B&M with gaming spaces were popular around military bases and universities as well and a way to get new and different groups of gamers together. An established club has the advantage of not being restricted to 'store hours' in order to play games.

DJCoaltrain16 Jan 2007 9:51 a.m. PST

GypsyComet 15 Jan 2007 9:52 p.m. PST

So there are more people into sex than gaming? Who'd a thunk it?

*NJH: Well, we know gamers are doing their bit to make sure gaming trumps sex. Ummnnnnnn, perhaps that's why recruiting new gamers is such a hard sell? :-)

Fifty416 Jan 2007 7:45 p.m. PST

Wait, has anyone ever tried to figure out how many gamers there actually are???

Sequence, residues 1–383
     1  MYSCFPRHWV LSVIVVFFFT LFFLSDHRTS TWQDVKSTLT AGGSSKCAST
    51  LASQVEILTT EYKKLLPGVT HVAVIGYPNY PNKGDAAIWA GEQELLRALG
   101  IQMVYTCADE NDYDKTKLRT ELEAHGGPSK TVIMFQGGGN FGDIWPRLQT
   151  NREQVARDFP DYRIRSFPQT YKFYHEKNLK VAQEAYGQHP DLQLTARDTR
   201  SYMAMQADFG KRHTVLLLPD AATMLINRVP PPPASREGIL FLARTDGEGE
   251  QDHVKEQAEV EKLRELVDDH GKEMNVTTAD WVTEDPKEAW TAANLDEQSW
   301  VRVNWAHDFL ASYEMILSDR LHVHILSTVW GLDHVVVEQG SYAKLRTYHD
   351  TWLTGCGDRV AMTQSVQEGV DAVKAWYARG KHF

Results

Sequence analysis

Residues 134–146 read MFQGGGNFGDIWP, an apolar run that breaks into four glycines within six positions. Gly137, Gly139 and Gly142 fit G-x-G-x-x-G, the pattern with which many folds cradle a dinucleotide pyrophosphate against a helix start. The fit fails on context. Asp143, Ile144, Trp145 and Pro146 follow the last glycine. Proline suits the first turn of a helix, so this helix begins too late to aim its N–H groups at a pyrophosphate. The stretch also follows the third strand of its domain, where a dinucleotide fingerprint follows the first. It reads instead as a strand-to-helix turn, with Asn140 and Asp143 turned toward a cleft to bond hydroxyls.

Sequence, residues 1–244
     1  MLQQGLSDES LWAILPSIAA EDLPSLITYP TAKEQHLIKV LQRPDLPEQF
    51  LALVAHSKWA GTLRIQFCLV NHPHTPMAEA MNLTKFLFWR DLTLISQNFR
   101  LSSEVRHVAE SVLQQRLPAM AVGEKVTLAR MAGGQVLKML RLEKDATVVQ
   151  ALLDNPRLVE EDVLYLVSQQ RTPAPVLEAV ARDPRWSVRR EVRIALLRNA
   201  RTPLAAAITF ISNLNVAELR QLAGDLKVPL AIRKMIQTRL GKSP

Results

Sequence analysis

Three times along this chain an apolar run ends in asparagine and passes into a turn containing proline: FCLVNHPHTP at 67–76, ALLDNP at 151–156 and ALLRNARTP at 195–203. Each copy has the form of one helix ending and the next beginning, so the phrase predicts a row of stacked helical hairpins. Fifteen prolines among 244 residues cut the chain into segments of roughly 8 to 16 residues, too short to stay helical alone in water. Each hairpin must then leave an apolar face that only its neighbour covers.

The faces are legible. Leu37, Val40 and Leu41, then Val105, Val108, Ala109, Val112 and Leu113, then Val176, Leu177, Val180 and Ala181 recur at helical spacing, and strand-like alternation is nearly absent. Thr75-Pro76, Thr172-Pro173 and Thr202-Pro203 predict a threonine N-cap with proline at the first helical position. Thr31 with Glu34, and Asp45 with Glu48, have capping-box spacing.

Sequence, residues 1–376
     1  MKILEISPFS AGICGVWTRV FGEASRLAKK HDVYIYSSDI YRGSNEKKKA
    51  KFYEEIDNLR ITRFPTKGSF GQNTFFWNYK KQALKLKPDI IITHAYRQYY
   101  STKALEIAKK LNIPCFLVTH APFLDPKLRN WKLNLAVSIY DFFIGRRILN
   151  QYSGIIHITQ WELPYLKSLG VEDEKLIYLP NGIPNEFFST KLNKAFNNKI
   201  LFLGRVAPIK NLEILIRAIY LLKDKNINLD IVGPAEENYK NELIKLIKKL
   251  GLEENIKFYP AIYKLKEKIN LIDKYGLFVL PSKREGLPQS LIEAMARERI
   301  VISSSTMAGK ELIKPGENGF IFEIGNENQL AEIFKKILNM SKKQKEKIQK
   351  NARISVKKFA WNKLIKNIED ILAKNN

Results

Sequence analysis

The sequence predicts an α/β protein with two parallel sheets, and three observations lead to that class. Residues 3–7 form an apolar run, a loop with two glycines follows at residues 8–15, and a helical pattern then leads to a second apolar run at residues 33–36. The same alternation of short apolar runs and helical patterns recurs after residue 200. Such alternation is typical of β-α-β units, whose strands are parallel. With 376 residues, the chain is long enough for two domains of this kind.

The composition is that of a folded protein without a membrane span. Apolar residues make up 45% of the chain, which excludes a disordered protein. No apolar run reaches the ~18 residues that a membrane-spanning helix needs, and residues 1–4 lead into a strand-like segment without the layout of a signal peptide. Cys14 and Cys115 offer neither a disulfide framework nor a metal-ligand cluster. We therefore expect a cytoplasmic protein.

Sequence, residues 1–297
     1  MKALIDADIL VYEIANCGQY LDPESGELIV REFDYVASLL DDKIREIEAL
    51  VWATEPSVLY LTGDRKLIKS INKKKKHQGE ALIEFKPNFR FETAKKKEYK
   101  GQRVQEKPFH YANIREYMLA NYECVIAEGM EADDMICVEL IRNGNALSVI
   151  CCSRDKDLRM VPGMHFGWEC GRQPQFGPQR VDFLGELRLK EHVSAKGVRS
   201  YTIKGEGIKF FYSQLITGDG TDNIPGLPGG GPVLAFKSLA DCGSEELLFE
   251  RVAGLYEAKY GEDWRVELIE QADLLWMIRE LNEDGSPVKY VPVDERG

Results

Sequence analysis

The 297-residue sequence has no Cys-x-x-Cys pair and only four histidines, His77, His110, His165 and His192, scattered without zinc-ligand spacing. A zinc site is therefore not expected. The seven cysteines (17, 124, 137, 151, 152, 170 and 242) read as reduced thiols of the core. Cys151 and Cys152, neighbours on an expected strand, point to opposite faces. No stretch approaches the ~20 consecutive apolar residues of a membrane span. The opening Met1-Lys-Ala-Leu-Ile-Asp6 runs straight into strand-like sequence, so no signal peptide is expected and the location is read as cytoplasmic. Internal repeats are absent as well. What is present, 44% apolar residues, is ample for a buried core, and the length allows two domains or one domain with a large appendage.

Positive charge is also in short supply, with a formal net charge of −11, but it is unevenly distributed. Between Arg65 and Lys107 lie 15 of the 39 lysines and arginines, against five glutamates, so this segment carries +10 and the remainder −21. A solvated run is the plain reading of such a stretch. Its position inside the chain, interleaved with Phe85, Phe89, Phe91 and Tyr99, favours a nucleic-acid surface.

Ha, ha…just kidding.

DJCoaltrain17 Jan 2007 12:47 p.m. PST

Fifty4 16 Jan 2007 6:45 p.m. PST
Wait, has anyone ever tried to figure out how many gamers there actually are???

*NJH: I think HMGSE has spent some time trying to determine a number. I can't recall any numbers, but the question pops up quite regularly. They have massive mailings and other outreach programs that require good metrics.

Fifty417 Jan 2007 12:59 p.m. PST

Ironically, I actually just found some interesting #s. See this:

TMP link